Cell phones are more expensive than they appear. American wireless carriers subsidize the price of handets, in exchange for signing customers to binding two-year contracts. That's why you can get a phone like the powerful HTC Inspire 4G for just $99 on AT&T, even though the phone's actual retail price is $449.
Still, amortize the up-front cost out over two years, and it pales in comparison to what you'll pay every month. Look at it in that light, and maybe it makes sense to splurge up front to get the awesome HTC Thunderbolt or Apple iPhone 4 you really want, while maybe paring back your minutes or an extra feature or two to hold monthly costs in check. (Or just go with a cheaper carrier. More on those in a second.) Unlocked phones such as the Samsung Galaxy S II lack subsidies and cost the most up front, sometimes well in excess of $500. But they let you swap in any AT&T or T-Mobile SIM card, as well as use any prepaid international cards that help you save big when traveling. Unlocked phones don't work on other American carriers, though.
This is where things gets tricky, as the carriers make it exceedingly difficult to figure out how much you'll actually pay per month. Verizon and AT&T plans tend to cost the most, but those two carriers have the best voice and data coverage in the nation. Sprint and T-Mobile offer considerable savings, especially on unlimited voice, data, and texting plans, but don't have quite the same level of network coverage.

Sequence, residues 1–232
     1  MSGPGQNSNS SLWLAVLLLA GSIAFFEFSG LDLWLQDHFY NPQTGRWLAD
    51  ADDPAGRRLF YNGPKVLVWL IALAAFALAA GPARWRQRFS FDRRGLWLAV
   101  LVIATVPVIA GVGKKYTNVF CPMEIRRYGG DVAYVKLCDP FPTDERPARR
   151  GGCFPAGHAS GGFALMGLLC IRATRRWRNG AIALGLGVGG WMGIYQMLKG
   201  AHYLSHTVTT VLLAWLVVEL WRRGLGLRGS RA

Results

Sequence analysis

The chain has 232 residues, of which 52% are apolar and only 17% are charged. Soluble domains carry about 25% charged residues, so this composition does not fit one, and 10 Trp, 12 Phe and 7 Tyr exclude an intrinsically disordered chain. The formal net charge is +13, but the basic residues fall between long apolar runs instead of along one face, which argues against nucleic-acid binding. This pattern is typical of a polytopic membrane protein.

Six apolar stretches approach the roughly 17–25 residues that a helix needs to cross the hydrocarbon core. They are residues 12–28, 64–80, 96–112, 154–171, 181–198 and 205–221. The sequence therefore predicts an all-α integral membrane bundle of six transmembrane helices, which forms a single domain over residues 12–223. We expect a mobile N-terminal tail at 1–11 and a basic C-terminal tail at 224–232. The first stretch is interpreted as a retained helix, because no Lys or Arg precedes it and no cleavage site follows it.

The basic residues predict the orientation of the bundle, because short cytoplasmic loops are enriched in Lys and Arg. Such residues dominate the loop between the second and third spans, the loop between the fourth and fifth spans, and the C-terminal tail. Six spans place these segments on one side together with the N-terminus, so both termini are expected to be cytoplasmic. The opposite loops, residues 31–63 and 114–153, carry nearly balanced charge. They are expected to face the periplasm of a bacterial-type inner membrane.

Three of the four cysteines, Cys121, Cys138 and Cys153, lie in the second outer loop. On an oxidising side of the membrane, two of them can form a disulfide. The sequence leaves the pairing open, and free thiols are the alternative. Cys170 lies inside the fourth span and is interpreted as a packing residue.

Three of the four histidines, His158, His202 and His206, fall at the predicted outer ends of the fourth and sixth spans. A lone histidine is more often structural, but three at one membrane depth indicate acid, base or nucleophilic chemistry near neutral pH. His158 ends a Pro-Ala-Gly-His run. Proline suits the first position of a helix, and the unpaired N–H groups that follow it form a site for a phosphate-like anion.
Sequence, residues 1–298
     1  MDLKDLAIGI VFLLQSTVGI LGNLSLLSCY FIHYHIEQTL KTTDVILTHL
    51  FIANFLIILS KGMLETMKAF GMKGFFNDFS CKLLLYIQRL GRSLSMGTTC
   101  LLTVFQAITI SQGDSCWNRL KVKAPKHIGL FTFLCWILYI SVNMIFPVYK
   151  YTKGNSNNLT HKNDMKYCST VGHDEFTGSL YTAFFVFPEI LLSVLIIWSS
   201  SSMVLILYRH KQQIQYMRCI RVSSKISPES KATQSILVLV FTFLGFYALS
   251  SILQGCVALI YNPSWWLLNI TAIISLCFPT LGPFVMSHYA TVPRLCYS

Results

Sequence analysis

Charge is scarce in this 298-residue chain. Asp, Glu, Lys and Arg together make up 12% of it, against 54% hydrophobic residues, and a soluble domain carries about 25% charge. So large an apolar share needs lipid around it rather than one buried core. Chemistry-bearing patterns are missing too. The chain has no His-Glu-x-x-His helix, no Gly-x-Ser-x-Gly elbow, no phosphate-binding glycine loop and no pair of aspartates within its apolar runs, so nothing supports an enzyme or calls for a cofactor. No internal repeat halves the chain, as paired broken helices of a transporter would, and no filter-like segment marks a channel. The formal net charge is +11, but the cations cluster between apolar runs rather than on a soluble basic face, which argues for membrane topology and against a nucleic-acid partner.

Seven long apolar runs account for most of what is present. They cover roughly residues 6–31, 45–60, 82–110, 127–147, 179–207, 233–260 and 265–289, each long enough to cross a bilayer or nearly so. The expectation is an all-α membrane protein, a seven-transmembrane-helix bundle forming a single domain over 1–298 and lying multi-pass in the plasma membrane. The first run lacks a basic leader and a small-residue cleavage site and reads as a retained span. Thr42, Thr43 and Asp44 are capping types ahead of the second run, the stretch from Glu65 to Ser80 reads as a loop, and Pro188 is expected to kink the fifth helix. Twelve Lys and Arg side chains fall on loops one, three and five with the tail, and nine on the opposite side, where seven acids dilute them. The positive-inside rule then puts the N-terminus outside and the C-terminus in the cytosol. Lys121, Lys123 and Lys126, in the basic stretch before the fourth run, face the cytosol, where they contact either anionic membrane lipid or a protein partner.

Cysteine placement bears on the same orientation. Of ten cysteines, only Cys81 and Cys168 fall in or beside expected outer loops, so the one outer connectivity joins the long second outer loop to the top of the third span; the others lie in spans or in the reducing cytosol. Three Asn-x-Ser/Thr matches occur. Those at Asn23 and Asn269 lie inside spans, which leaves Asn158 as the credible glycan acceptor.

Don't want to play the contract game at all? Go for a smaller carrier or even a prepaid phone. We're beginning to see prepaid smartphones appear everywhere, especially on smaller regional carriers like MetroPCS, U.S. Cellular, and Cricket Wireless. If you live in an appropriate coverage area and don't need a cutting edge device, the potential savings can be huge. Even phones with contracts on the smaller carriers like MetroPCS can run as little as $40 or $50 per month, and that's with unlimited voice, data, and text messages, and no extra taxes or fees.
Which Smartphone to Get?
Well, that depends on the factors discussed above, but our recent phone round-ups and top products lists are a good place to start your search:
For more phone reviews, news, and tips, check out the Cell Phones Product Guide.